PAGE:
Sit-a-Long with Jundo: A Married Monk?!?

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My wife and son have joined me on these "sit-a-longs" from time to time, and this has caused a few folks to write me expressing some surprise."Hey, how can a 'monk' have a wife? I thought Buddhist priests were all supposed to be celibate?"

(Click through for more, and to "Sit-A-Long" with today's video.)

Most Buddhist priests in Japan marry, in Zen and other denominations.  Buddhist clerics marrying is nearly unheard of in the rest of Asia. There is a long history behind how that happened in Japan, which I shall briefly explain. Having married Buddhist clergy is a major break from Buddhist tradition, there is no doubt. It has, unfortunately, sometimes been a point of misunderstandings between Japanese and other Asian Buddhist priests.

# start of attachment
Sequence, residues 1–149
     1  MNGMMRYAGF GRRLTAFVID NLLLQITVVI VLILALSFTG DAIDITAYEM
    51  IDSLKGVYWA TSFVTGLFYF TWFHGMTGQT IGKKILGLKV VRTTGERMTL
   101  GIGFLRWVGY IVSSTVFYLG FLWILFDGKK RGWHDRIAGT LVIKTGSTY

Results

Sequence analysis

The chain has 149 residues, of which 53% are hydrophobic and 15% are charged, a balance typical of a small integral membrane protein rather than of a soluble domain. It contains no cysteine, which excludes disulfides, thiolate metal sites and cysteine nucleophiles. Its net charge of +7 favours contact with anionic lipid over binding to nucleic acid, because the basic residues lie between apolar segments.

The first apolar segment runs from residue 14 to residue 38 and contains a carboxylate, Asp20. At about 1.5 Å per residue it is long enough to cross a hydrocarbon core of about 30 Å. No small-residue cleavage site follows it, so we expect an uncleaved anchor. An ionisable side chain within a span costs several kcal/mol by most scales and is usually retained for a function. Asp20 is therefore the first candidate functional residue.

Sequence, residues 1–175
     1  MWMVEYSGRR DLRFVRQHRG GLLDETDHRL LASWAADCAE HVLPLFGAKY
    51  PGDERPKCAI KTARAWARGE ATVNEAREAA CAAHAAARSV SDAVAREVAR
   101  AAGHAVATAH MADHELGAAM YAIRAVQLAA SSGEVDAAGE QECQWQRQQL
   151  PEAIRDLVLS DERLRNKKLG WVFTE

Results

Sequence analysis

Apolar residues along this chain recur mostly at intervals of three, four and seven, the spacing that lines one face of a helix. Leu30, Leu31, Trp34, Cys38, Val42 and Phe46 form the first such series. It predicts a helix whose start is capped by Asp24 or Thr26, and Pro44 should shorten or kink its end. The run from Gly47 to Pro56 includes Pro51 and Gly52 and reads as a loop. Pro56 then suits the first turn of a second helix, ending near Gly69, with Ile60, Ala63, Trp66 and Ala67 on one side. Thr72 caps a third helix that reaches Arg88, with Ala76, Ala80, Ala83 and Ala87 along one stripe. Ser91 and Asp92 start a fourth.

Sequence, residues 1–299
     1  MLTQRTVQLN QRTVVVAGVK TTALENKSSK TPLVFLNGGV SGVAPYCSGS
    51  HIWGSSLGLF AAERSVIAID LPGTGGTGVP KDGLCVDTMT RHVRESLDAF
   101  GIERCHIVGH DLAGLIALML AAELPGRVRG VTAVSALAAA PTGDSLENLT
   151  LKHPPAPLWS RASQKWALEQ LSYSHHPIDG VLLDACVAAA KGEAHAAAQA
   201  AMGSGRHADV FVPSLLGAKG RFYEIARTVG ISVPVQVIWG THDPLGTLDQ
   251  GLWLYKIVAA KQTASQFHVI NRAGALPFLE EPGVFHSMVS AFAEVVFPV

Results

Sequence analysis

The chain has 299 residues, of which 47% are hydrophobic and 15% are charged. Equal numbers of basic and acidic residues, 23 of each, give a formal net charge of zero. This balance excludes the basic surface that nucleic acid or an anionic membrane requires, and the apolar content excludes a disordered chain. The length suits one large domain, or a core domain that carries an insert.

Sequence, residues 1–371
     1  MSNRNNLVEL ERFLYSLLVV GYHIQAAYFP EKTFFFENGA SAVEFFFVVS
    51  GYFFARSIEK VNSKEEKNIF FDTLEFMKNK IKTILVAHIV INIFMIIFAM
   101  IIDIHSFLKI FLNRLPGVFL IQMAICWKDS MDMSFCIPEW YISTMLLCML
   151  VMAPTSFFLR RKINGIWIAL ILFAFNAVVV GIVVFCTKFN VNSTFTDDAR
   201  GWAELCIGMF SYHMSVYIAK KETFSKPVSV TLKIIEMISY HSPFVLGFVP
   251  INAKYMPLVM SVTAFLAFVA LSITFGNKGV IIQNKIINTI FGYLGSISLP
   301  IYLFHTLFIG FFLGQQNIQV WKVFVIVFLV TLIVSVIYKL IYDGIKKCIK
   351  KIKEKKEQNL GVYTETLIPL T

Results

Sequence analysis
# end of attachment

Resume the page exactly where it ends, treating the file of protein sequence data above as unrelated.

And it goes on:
In the West, more and more, Zen clergy have come to resemble Protestant Christian Ministers, married with family and, very often, with outside jobs to pay the bills, yet leading a congregation.

That's why calling many of us "Zen Monks" is kinda funny, excepting those periods of months or years when Zen clergy live and train in a monastery, usually in a celibate situation. (Then, the name "Zen monk" is appropriate). After that, most live in temples, with their families -- wife and kids. So, maybe "Zen Priest" is a better term, or "Zen Minister"... or perhaps just "Zen Teacher"or "Zen Clergy"...

So, we are not really, most of the time, "Zen Monks" in a "monastery." Some of us have come out into the world. And I think that is a very good thing!

Today's Sit-A-Long video follows. Remember: recording ends soon after the beginning bells; a sitting time of 20 to 35 minutes is recommended.

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